Middleweight beltholder Peter Quillin could soon defend his WBO title against promotional stablemate Danny Jacobs.
Mayweather-Guerrero: Over a million PPV buys
Showtime's Stephen Espinoza: "Floyd Mayweather is still, without question, the No. 1 pay per view star in boxing, and, actually, in all of sports."
Last Saturday's Showtime Pay Per View-televised fight between Floyd Mayweather Jr. and Robert Guerrero is "definitely going to exceed a million pay per view buys," according to Stephen Espinoza, executive vice president and general manager of Showtime sports.
Mayweather, 36, won by unanimous decision to defend his WBC welterweight belt and become THE RING 147-pound champion. He improved to 44-0 with 26 knockouts before nearly 16,000 fans at the MGM Grand Garden Arena in Las Vegas, ending a 15-bout winning streak that had included nine knockouts for Guerrero (31-2-1, 18 KOs).
"We wanted to take our time and wait until we had enough data to speak responsibly about this, so based on what we've seen, now we are very comfortable saying that we're definitely going to exceed a million pay per view buys," said Espinoza.
"We are very happy with the event from all standpoints, from the financial to the programming, to the exposure that it's given our network, to the message that it's given to boxing fans that we're going to be in boxing at the highest level for a long, long time."
On Saturday night at 9 p.m. ET/PT (delayed on the West Coast) Showtime will re-air Mayweather-Guerrero, as well as the 126-pound co-feature and debut of Abner Mares (26-0-1, 14 KOs), who scored knockdowns in the second and final round of a ninth-round stoppage of Daniel Ponce de Leon (44-5, 35 KOs) for the WBC featherweight belt.
"What this pay per view performance also says to us is that Floyd Mayweather is still, without question, the No. 1 pay per view star in boxing, and, actually, in all of sports," said Espinoza. If the million-plus mark holds, it would be the sixth time a Mayweather fight has surpassed a million pay per view purchases.
In May of 2007, Mayweather's split-decision victory dethroned current Golden Boy President Oscar De La Hoya as WBC's 154-pound titleholder in a bout that holds the all-time record of pay-per-view buys with more than 2.5 million.
Mayweather's unaimous decision over Miguel Cotto on May 5 of last year generated 1.5 million buys and $94 million in pay per view revenue on HBO Pay Per View.
Mayweather-Cotto ranks as the second highest grossing non-heavyweight pay-per-view event in boxing history, with Mayweather-De La Hoya being listed as No. 1, all-time, at $137 million.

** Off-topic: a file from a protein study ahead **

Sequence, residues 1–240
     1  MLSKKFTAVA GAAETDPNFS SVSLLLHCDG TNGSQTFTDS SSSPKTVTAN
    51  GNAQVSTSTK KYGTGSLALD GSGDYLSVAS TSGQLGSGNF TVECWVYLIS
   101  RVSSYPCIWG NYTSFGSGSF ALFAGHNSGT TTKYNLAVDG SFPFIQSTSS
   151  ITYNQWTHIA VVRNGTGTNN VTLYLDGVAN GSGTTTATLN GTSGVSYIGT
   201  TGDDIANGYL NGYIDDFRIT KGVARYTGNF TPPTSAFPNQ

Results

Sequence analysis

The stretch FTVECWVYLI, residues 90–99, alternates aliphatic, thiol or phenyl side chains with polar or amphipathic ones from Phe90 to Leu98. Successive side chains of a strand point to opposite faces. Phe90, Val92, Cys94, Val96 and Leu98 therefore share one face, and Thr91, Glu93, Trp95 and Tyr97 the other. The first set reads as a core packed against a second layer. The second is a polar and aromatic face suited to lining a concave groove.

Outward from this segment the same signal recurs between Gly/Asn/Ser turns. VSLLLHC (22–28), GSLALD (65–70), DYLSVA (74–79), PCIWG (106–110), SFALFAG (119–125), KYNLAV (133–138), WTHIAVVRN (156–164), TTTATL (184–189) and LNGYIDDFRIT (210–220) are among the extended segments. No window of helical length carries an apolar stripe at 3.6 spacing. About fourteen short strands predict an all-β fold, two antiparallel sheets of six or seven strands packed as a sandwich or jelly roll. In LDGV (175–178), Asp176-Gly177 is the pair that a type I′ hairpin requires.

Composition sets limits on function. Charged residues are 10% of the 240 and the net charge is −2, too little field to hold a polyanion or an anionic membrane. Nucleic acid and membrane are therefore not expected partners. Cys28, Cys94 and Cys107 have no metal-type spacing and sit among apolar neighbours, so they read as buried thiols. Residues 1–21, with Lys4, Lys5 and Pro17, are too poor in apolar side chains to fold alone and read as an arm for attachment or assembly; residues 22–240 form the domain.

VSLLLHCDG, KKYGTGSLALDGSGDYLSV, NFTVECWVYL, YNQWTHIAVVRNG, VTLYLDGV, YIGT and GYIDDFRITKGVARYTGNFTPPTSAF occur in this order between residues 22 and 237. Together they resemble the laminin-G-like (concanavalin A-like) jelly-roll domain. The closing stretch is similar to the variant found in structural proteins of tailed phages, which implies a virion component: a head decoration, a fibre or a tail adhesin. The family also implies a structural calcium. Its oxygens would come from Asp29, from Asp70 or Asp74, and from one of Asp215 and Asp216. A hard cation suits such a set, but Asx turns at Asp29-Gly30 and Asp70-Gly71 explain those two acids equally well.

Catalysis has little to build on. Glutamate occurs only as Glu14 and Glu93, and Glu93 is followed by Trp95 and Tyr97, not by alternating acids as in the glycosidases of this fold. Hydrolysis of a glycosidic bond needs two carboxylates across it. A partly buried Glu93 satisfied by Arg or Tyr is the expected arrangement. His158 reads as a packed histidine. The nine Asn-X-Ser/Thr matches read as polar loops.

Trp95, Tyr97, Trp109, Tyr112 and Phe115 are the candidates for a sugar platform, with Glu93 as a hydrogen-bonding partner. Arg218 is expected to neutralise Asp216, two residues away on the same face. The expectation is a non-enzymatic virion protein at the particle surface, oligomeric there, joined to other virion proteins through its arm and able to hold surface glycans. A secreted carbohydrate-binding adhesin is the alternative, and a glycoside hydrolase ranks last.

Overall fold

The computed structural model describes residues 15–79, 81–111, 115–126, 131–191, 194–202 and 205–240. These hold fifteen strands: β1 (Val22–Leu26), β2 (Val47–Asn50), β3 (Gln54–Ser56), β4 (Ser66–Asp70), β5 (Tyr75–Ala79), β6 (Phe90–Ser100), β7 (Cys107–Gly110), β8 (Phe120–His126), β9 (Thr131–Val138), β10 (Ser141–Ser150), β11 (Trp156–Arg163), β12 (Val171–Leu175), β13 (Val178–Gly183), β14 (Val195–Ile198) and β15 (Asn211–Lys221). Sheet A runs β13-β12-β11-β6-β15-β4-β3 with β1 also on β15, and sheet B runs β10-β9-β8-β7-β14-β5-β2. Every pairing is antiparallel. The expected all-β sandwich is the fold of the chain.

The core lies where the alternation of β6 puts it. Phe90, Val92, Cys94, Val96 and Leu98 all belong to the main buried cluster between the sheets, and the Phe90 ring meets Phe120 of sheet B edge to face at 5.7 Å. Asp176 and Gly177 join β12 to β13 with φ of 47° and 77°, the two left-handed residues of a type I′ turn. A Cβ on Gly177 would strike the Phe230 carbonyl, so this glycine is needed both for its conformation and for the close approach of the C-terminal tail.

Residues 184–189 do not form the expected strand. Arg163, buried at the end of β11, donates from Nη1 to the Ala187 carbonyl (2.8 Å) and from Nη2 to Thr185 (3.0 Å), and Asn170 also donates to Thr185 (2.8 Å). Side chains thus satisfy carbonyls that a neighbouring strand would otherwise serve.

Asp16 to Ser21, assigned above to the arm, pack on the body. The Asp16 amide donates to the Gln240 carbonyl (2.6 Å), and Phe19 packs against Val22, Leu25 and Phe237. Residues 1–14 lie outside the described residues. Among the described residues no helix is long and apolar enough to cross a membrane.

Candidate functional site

Mayweather's unanimous decision over Shane Mosley in May of 2010 totaled 1.4 million buys and earned the fighter a career-high $40 million, much of that from a guaranteed purse of $22.5 million.
In September of 2011, Mayweather's fourth-round stoppage of Victor Ortiz generated 1.25 million buys. He then totaled a million buys for his one-sided unanimous decision over Juan Manuel Marquez in September of 2009.
According to an e-mail from Keith Kizer, executive director of the Nevada State Athletic Commission, Mayweather-Guerrero sold 14,258 tickets and had a gate of more than $9.9 million ($9,922,350). Of those tickets, 1,459 were complimentary and 139 went unsold.
Espinoza did not express disappointment, despite the numbers being lower than those of many of Mayweather's previous fights on HBO Pay Per View.
"We knew that Robert Guerrero was a credible threat, and he's proven that he belonged in the top tier of the 147-pound division," said Espinoza.
Espinoza said he is now focused on making a Sept. 14 bout between Mayweather and RING 154-pound champion and WBC beltholder Saul Canelo Alvarez (42-0-1, 30 KOs), a 22-year-old Mexican-born star.
Like Maywweather-Guerrero which happened on Cinco De Mayo weekend, Mayweather-Alvarez would take place on a traditional Mexican holiday weekend -- Mexico's Independence Day -- and could draw large numbers of viewers.
"I've been in talks with everybody involved. Talks have started. I haven't encountered any major issues that have arisen now. I'm not aware of any major issues that have come up," said Espinoza.
When Mayweather-De La Hoya was made, Espinoza was an acting attorney representing De La Hoya and Golden Boy.
"I think that the thing to keep in mind is that, at the time of De La Hoya-Mayweather, you had two stars with a huge amount of general market awareness, and, really, Oscar was an icon, and Floyd was certainly a huge phenomenon and, really, a compelling personality. As big a star we all believe that Canelo is and will become, he isn't at the De La Hoya level yet, with respect to the general market," said Espinoza.
Photos by Naoki Fukuda
Photo by Tom Casino, Showtime
Photo by Chris Cozzone, Fightwireimages.com